A triathletes mindset
Race day makes no promises and when you are competing in three different disciplines within one race, a lot can happen. From small issues like leaky goggles to bigger problems like a flat tire or bad weather, you have to be ready to adapt. Instead of expecting a perfect race, be flexible and overcome these obstacles as they arise. Be prepared by bringing an extra pair of goggles and know how to fix a flat tire. You cannot control the weather, other competitors, or just plain bad luck, but what you can control is how prepared you are, both mentally and physically, and your attitude.
Stay close to home
For your first race, make it easy on yourself and select an event close to home. If the event is within easy driving distance from your home, it helps reduce race-day stress and hassle. You can also do some of your training on the course, increasing your confidence.
Get in a good warm-up
A good warm-up is essential, especially in unfavorable race conditions. Complete a 15 to 20 minute easy paced run and throw in 5 to 10, 30 second strides to get your legs turning over. Time this so you end with about 30 minutes until your start time, which will allow you to put on your wetsuit and get down to the water.
If you are allowed to get into the water prior to the swim, do so, unless it’s too cold. You do not want to freeze while standing on the beach waiting for your wave. If you are not allowed in the water prior to the start, or the conditions don’t warrant it, get down to the water and splash some on your face, dip your goggles in, and get a feel for what that first plunge will feel like.
The swim leg of triathlon is simultaneously the shortest and most universally feared part of the race. The key to the swim is to stay relaxed and calm. The worst thing you can do is to try and go too fast. You’ll probably end up going faster than you should, tiring out and possibly panicking.
If you start to panic, slow down, tread water, breath then keep going. Breaststroke or do polo drill for a little to keep your head above water. Or if you need assistance, put your hand up for one of the water safety personnel. You can rest on their board or boat, as long as they don’t propel you forward on the course. If they need to paddle you to safety, you’ll need to withdraw from the race. But I’m sure this won’t happen.
Instead of trying to go out fast, focus on smooth movements and moving effortlessly through the water rather than moving at a frantic pace. Remember go at your own pace. Just because there are a lot of people splashing around does’t mean that everyone is going much faster than you – it just seems like it. Swim your race at your pace and resist the urge to try and go as fast as possible.
Exit the water, but don’t throw your goggles or cap on the ground or hand it to a loved one. The only place you can store your race equipment is in your designated area in transition.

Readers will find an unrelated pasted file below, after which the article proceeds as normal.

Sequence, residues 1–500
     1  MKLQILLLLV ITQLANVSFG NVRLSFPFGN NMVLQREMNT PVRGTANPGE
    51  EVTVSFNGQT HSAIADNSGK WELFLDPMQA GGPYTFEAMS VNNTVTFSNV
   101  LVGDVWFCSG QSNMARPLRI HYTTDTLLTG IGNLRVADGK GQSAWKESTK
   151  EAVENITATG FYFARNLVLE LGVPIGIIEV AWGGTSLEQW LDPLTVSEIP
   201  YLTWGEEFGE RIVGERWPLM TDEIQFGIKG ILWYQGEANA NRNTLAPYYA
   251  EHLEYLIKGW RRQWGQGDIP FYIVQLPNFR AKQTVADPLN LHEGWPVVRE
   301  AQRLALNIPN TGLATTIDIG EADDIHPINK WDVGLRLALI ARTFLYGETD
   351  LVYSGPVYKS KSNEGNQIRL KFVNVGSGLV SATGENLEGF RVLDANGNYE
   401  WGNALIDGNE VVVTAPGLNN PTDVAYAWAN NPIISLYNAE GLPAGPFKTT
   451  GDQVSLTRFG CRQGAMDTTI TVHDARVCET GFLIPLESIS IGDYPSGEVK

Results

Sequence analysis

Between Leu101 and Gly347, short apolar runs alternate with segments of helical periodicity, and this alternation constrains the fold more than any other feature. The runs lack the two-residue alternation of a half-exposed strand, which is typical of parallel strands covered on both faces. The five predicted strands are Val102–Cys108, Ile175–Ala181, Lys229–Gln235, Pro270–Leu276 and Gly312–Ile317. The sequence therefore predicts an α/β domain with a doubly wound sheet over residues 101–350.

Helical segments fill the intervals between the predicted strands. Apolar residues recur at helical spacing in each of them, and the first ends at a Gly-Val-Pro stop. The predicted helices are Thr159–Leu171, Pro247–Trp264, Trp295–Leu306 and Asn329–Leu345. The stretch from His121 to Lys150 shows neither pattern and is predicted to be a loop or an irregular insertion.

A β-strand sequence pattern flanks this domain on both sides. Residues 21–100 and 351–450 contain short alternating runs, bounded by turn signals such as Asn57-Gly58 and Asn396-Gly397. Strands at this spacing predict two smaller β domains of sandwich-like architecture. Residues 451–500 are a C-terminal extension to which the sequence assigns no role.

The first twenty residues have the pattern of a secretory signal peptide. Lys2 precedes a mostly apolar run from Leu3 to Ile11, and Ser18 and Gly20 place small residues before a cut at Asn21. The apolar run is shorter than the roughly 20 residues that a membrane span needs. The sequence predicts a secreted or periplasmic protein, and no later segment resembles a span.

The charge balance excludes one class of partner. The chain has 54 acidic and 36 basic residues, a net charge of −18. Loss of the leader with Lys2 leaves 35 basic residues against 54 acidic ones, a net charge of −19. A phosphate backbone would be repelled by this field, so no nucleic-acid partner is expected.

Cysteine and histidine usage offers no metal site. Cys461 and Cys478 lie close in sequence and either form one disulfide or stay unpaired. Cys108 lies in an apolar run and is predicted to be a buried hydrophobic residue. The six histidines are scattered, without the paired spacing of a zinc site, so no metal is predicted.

Note the land mark you used and your rack number so you can easily find your bike. A few rules:
# make sure you don’t interfere with other athletes equipment in transition.
# fasten your helmet before you remove your bike from the rack to start your ride. Keep it on and fastened until you replace your bike after the ride leg.
# don’t ride your bike in the transition area. Run your bike out to the mount line. You can get on your bike at any point after the mount line. If it’s congested move through the area before mounting.
Like runners, cyclists often start like a bat out of hell. Get settled and don’t worry about your speed right now. Keep to the left (in Australia) and keep your distance (12 metres) from the cyclist in front of you. A few rules:
# don’t draft. Drafting allows you to get an unfair advantage by following the bike in front too closely and is cheating.
# road rules apply, so keep to the left unless overtaking other cyclists, don’t overtake on the left of another cyclist and never cross double lines.
# don’t litter.
# keep you shoes and helmet on at all times. You must also ensure you have a covered torso.
# You are not allowed to accept assistance such as clothing, food, drinks etc from anyone except authorised race personnel.
Complete the bike leg and approach the dismount line. Dismount before the line and run your bike back into transition.
This should be your fastest transition of the day. Dismount as quickly and safely as you can and then simply take off your helmet and shoes, put your running shoes on and grab your race belt and put it on as you run out of transition. Remember every second counts.
While your legs will be warmed up from the bike, they’ll also be quite tired and heavy. If you’ve been practicing brick runs in training you’ll be familiar with this sensation and know your heavy legs will go away after the first 1 -2km.
On race day, don’t go out too fast. It’s far better to start off a little slower and save some energy and leg turnover for the last kilometre of the run. During the tough final kilometres, having some mantras ready can help you mentally get through. Give the run everything you have in the last kilometre and leave it all out on the course.
Make use of the aid stations provided by the race directors and keep hydrated. Like on the bike leg, don’t litter and don’t accept assistance from your friends, family or coach.
Smile across the finish line…you’ve just completed your first triathlon!
When the last cyclist is back in transition, you’ll be able to collect your bike and gear then head home to celebrate. Congratulations.